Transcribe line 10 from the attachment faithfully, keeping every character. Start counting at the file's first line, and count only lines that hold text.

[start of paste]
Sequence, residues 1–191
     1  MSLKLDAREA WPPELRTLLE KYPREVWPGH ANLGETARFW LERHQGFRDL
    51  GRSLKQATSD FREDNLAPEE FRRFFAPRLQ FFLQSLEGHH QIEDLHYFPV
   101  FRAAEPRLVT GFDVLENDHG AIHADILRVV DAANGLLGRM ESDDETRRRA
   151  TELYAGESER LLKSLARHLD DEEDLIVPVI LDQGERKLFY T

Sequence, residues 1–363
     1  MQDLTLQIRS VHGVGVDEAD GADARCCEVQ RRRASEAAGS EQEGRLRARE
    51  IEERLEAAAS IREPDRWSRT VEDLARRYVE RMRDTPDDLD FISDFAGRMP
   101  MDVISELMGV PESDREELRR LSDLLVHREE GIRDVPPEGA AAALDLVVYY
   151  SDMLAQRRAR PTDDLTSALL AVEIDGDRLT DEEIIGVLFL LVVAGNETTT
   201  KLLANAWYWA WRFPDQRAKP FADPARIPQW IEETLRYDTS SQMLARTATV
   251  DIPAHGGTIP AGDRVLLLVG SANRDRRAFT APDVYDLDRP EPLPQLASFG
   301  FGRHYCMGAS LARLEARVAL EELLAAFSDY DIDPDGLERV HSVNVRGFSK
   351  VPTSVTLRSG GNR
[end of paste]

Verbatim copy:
   151  SDMLAQRRAR PTDDLTSALL AVEIDGDRLT DEEIIGVLFL LVVAGNETTT